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IMF / IMF Global Financial Stability Report April 2023 Update

Release Date: 11 Apr 2023
IMF / IMF Global Financial Stability Report April 2023 Update

Financial stability risks have increased rapidly since the October 2022 Global Financial Stability Report as the resilience of the global financial system has faced several tests. The IMF announced in a press briefing today (Tuesday, April 11, 2023). 

“We have all witnessed the recent events in the banking sector. These are powerful reminders of the challenges now being faced as we see tighter monetary policy and tighter financial conditions, at the same time, as financial sector vulnerabilities are building up. The immediate and forceful policy response reduced market anxiety, but sentiment remains fragile. Strains are still evident across other institutions as investors reassess the health of the financial system. The emergence of stress in financial markets also complicates the task of central banks as they seek to maintain the path towards higher interest rates in the face of stubbornly high inflation,” said Tobias Adrian, Director of the Monetary and Capital Markets Department at the IMF.

The impact of tighter monetary and financial conditions could be amplified because of financial leverage, mismatches in asset and liability liquidity, and a high degree of interconnectedness within the nonbank financial intermediation sector and with the traditional banking institutions.

Looking beyond financial institutions, buffers built by households and corporations during the pandemic have given them more room to absorb financial shocks. But these buffers are deteriorating, leaving them vulnerable to defaulting on their debt. When we look at large emerging markets, we see that they have so far avoided adverse spillovers from the recent turmoil. However, financial stresses intensify and the sizable pull back from global risk taking could trigger capital outflows across emerging markets. For smaller and riskier emerging market economies, we see that they continue to face debt sustainability strains and funding challenges,” added Adrian.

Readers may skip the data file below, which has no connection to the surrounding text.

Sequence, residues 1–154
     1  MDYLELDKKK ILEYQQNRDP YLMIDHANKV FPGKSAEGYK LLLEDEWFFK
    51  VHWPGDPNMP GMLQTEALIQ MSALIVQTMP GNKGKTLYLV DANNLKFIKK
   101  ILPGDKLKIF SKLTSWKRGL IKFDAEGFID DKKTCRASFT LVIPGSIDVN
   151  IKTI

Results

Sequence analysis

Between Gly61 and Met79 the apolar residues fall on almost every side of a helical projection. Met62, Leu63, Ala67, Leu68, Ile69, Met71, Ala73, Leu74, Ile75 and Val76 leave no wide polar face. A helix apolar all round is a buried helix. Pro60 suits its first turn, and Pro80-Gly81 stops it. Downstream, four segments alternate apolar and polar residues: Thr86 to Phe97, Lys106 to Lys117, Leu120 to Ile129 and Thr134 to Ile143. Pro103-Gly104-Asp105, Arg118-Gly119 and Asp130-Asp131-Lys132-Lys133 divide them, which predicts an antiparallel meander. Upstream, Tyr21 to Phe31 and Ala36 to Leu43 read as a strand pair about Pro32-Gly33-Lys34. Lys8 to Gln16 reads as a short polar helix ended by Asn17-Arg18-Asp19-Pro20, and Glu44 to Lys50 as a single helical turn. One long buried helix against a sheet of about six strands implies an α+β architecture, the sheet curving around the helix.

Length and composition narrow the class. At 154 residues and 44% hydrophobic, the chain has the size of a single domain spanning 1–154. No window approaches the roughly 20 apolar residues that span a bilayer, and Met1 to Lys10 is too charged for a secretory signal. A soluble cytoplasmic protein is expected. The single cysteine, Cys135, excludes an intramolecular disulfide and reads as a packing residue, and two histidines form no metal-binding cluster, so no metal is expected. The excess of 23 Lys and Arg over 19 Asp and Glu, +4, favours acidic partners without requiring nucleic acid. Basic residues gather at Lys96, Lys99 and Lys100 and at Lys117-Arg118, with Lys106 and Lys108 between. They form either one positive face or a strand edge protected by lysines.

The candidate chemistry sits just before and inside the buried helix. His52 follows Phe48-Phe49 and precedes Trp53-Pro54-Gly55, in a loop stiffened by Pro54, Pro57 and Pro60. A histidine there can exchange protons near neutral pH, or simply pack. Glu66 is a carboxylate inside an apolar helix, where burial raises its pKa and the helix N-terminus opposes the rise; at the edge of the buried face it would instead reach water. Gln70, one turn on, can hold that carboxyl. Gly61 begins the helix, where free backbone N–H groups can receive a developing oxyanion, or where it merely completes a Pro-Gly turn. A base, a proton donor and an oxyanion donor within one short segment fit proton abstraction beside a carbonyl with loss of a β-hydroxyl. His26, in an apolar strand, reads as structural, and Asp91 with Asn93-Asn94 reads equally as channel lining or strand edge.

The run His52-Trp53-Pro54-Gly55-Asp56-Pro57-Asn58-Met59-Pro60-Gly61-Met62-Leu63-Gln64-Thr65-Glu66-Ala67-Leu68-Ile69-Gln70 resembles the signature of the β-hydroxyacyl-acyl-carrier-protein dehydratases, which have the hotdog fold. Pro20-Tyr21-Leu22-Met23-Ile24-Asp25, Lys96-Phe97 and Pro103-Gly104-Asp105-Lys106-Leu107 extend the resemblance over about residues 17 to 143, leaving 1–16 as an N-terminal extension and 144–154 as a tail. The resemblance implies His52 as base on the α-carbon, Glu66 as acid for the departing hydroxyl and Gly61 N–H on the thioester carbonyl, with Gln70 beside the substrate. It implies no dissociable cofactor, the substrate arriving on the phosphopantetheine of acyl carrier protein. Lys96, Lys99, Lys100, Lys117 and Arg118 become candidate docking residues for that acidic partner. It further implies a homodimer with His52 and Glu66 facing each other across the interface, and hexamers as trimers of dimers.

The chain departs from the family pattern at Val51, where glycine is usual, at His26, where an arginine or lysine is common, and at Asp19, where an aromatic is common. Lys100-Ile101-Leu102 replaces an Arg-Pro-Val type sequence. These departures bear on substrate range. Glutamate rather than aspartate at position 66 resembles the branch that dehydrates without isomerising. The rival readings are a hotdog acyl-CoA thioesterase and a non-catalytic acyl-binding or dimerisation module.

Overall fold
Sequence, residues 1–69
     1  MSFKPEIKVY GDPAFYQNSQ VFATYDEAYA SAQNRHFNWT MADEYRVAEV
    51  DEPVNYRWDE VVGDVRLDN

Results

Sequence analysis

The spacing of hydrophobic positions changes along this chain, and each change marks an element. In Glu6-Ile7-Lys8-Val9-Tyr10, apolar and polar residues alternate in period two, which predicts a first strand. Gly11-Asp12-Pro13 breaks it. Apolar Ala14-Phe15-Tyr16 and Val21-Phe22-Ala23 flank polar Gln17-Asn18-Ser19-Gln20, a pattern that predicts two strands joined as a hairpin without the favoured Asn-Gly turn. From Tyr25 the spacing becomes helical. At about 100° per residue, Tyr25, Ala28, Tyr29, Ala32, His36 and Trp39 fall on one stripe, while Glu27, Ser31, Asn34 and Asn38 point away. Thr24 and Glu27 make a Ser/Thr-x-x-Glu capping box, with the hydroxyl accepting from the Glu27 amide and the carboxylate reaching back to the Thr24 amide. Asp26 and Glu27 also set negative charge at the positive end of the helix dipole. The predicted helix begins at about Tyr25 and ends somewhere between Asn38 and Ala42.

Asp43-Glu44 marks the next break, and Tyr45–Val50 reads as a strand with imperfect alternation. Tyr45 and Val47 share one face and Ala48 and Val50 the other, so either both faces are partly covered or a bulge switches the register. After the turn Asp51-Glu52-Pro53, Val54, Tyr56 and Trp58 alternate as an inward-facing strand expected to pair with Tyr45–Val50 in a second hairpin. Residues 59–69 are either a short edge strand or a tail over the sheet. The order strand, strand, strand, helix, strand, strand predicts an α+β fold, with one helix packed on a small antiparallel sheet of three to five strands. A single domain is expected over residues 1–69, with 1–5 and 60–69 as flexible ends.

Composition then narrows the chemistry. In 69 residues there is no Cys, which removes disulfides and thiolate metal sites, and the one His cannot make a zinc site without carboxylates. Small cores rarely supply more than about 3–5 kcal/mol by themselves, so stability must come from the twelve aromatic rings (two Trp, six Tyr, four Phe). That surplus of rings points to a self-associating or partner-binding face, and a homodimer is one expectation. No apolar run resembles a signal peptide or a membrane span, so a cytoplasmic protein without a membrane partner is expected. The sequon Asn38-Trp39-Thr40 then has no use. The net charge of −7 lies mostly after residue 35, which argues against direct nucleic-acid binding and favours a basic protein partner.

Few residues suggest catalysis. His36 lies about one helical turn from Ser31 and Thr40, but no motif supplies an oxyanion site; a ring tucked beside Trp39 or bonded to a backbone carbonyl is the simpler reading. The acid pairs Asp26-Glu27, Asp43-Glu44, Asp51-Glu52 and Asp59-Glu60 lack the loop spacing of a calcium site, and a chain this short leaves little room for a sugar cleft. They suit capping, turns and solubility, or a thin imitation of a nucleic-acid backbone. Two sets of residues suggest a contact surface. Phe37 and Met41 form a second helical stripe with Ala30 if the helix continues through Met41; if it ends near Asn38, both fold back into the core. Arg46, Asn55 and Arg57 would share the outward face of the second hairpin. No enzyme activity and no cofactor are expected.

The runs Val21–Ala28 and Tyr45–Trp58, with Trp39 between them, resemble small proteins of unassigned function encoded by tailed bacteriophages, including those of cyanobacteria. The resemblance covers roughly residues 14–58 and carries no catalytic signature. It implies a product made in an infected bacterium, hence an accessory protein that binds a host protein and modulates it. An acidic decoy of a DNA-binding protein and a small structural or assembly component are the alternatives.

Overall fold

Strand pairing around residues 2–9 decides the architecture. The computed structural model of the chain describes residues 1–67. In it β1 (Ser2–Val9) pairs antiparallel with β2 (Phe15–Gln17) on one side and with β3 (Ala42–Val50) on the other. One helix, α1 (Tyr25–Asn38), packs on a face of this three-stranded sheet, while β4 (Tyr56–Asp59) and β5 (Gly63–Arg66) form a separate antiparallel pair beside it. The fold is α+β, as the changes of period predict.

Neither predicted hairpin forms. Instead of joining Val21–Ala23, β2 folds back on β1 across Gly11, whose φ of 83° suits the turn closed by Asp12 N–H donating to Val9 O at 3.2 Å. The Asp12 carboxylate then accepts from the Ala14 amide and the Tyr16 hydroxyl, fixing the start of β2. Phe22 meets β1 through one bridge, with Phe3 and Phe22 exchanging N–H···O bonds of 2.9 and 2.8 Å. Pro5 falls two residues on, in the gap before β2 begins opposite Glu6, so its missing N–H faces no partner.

The emergence of stress in financial markets complicates the task of central banks at a time when inflationary pressures are proving to be more persistent than anticipated.

Clear communication by central banks about the objectives and policy functions is crucial to minimize economic and financial uncertainty. Central banks should use available tools to address financial stability risks which should help them to separate monetary policy objectives from financial stability goals and this should allow them to continue to tighten policy to address inflationary pressures. The recent bank failures brought to light weaknesses in bank supervision and regulation, as well as failures in the bank's internal risk management practices, in particular with respect to interest rate and liquidity risk. Supervisors should ensure banks have risk management and corporate governance that matches their risk profile. If financial strains intensify and threaten the health of the financial system amid high inflation, tradeoffs between inflation and financial stability objectives may emerge. Policymakers should act swiftly to prevent any systemic event that may adversely affect market confidence in the resilience of the global financial system,” said Adrian.

To read the full report, click here.

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